Activists and experts on homelessness warn that the problem could get worse, that the current crackdown is akin to slapping gauze on a festering wound. They argue that the homeless problem won't respond to the aggressive policing that has shown such promise in cutting crime. But cities are so eager to banish street people that many are ignoring long-term prescriptions such as family planning, drug rehabilitation, and job training. "People are on the street because they have nowhere else to be, not because that's where they'd like to be," says Foscarinis. "We know what the policy solutions are, but the main problem is that not enough cities are trying them."
Advocates for the homeless say Florida's Miami-Dade County is on to something. Miami-Dade in 1993 assessed a food and beverage tax on restaurants with annual revenues of $ 400,000 or more. The eateries pay the state 1 percent of sales, which has provided about $ 6 million annually for emergency shelter, transitional housing, job training, and drug treatment. In Chicago, Matt McDermott, a policy specialist for the Chicago Coalition for the Homeless, points out that police have yanked indigents from Lower Wacker Drive before. But with no services to fall back on, they were back haunting the same neighborhood within six months.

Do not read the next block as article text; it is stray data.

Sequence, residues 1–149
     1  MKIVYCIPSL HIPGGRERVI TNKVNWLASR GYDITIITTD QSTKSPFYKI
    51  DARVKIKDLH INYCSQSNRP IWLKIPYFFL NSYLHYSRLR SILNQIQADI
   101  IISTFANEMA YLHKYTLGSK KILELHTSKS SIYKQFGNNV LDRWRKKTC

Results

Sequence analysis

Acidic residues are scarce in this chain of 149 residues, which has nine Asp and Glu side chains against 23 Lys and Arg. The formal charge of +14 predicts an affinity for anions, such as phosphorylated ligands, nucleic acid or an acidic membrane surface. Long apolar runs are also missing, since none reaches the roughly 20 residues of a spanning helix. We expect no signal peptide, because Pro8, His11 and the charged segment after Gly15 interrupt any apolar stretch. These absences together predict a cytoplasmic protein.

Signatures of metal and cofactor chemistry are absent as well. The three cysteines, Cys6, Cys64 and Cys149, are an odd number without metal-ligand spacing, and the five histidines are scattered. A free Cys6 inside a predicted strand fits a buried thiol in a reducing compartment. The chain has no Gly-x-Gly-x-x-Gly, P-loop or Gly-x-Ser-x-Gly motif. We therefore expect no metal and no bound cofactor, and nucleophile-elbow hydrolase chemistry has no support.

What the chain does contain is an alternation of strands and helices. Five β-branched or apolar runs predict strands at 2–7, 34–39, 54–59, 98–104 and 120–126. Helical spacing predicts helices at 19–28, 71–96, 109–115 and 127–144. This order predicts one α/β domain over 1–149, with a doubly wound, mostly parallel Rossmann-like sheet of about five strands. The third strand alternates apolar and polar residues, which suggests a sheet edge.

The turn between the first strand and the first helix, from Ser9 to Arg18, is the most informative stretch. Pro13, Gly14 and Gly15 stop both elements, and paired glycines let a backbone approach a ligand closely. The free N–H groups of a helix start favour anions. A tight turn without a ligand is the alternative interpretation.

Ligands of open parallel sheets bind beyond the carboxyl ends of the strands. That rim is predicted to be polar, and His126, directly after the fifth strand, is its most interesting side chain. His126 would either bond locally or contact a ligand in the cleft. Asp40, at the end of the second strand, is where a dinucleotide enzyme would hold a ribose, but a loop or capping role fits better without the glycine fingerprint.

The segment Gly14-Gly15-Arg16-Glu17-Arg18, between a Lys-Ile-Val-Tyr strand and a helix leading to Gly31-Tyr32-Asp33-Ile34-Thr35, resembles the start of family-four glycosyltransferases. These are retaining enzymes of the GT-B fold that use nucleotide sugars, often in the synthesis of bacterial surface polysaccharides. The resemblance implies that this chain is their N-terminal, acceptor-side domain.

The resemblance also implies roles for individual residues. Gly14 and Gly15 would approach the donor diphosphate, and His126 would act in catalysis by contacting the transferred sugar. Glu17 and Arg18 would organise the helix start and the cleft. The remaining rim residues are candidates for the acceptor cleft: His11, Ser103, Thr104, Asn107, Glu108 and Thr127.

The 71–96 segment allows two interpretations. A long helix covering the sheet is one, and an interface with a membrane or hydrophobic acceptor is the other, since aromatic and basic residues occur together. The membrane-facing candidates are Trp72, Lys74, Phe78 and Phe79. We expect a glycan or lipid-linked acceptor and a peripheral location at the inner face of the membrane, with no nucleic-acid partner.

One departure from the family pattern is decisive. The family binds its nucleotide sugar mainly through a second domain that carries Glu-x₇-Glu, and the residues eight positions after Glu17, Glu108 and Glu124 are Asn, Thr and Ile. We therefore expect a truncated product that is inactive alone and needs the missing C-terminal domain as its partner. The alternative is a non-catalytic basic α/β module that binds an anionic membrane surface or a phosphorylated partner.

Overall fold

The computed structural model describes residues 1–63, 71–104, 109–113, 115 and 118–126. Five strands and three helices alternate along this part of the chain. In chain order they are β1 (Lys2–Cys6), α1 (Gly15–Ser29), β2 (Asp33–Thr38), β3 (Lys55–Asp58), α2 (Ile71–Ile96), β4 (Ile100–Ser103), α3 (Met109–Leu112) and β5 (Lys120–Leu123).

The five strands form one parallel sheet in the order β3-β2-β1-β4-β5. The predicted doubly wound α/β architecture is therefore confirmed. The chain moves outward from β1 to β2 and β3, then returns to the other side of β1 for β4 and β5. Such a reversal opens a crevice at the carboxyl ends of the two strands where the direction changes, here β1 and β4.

With Mike Tharp